Non-notifiable strain of avian influenza identified on Fermanagh broiler farm

A case of non-notifiable avian influenza H6N1 has been identified in a broiler breeder farm in Co. Fermanagh.

While this is a less serious strain of influenza, which does not require further action by DAERA, Northern Ireland’s chief veterinary officer has urged bird keepers to maintain excellent biosecurity.

Dr. Robert Huey said: “A veterinary investigation has concluded and a case of non-notifiable avian influenza has been identified in a commercial farm in County Fermanagh.

“Movement restrictions were placed on the holding as a precautionary measure whilst the veterinary investigation was in progress.

The results received today confirm this strain was a non-notifiable avian disease of the subtype H6N1 and restrictions have now been lifted.

“Although this is a non-notifiable strain of the disease, it is a timely reminder to us all that avian influenza is a constant threat to all poultry flocks and how devastating it would be to our poultry industry should a notifiable case be confirmed in Northern Ireland.”

Ulster Farmers’ Union deputy president, David Brown said the news was a “relief” to poultry farmers throughout Northern Ireland.

“The case, however, is a clear reminder of the threat that avian influenza poses to Northern Ireland’s poultry industry and I urge all poultry and backyard keepers, to continue maintaining high standards of biosecurity and to practice good farm hygiene at all times to protect their flock from infection,” he said.

There is always an increased risk of avian disease incursion in the winter from migrating birds with several confirmed cases in Europe over the last few months.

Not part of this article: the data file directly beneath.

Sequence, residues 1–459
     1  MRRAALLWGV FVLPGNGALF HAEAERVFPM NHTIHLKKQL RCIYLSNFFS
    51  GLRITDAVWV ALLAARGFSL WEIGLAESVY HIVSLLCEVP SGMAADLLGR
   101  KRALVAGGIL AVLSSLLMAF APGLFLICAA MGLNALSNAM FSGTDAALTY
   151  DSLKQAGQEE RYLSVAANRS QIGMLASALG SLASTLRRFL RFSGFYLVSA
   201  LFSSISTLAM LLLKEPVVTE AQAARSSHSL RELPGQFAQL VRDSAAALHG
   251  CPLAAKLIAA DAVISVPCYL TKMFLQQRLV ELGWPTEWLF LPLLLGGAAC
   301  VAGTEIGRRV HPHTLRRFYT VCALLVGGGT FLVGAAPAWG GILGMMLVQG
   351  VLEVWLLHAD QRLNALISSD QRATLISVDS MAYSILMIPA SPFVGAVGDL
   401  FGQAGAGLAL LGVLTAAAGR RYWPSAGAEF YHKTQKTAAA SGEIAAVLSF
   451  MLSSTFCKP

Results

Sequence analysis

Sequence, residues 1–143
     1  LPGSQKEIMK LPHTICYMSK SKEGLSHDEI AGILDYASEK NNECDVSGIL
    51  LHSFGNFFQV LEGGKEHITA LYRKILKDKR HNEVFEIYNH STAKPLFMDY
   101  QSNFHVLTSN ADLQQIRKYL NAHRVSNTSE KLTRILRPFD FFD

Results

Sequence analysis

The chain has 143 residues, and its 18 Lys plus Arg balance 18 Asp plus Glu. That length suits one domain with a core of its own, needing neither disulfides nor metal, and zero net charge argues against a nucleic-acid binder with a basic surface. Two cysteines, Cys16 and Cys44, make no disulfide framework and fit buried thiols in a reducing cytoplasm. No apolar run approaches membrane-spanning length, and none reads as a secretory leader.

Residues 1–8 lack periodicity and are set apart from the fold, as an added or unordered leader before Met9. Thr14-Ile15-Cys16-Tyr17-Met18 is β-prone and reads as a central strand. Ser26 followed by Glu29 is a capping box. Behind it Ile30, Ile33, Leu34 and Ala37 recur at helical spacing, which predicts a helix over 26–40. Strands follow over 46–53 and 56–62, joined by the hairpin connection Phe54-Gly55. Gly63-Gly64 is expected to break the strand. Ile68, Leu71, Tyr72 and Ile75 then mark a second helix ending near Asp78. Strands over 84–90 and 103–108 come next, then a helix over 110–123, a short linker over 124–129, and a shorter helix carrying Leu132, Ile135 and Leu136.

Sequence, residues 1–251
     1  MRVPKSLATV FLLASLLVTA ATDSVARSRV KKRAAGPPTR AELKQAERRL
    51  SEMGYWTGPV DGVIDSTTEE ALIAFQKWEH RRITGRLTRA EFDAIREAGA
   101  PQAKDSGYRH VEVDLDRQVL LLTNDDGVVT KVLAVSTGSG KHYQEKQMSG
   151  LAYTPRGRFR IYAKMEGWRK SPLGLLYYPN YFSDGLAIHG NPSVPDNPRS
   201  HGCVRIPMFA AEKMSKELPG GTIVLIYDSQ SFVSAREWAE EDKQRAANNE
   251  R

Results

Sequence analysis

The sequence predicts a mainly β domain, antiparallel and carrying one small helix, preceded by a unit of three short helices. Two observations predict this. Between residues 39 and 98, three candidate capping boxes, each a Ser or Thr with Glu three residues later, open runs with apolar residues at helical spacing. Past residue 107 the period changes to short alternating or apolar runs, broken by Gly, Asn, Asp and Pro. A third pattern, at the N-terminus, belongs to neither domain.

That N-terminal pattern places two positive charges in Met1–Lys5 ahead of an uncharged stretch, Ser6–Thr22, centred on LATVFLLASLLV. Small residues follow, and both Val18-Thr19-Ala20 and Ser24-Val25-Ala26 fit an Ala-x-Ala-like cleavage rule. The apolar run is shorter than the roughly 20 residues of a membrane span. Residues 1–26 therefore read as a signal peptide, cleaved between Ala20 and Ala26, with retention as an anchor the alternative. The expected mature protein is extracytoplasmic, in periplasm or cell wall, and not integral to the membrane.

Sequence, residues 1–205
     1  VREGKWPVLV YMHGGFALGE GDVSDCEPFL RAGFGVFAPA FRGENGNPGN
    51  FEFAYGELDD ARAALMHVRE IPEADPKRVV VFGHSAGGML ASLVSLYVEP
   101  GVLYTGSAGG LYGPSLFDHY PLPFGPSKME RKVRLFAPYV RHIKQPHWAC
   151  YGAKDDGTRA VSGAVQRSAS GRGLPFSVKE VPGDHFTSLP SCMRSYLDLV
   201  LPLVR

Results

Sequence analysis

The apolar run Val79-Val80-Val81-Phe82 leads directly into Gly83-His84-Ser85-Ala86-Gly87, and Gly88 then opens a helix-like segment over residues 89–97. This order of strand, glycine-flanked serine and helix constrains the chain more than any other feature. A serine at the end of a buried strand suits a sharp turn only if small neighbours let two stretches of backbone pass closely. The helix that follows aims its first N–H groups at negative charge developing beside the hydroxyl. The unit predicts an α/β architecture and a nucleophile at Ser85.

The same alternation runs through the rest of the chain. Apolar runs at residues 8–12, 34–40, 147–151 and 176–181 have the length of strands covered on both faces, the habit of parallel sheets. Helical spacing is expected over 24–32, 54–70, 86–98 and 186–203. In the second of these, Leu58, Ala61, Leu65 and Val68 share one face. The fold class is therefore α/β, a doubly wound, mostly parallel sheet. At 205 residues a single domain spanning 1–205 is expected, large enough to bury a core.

A case of notifiable Low Pathogenic Avian Influenza (LPAI) of the H5 strain was recently confirmed in a broiler breeder farm in Suffolk in December, while several cases of Highly Pathogenic Avian Influenza (HPAI) have also been confirmed in Poland in the last fortnight.

Dr. Huey continued: “These recent cases represent warning signals for all poultry keepers that must not be ignored including those keeping game birds and pet birds.

“All flock keepers regardless of size are urged to act now by maintaining good biosecurity at all times in order to reduce the risk of disease transmission to their flocks.

“In Northern Ireland, the risk to poultry remains low, however, I urge all bird keepers to remain vigilant and to alert DAERA if they suspect any signs of the disease in their flocks.”

Anyone who suspects an animal may be affected by a notifiable disease must report it to their local DAERA Direct regional office.

Signs that poultry keepers should look for in their birds include: an increased number of deaths; a swollen head; discolouration of the neck and throat; a loss of appetite; respiratory distress; diarrhoea; and fewer eggs laid – although clinical signs can vary between species of bird.

Bird keepers can subscribe to DAERA’s avian influenza text alert service by texting: ‘BIRDS’ to: 67300.

Further information on biosecurity and how to prevent disease is available here on the DAERA website.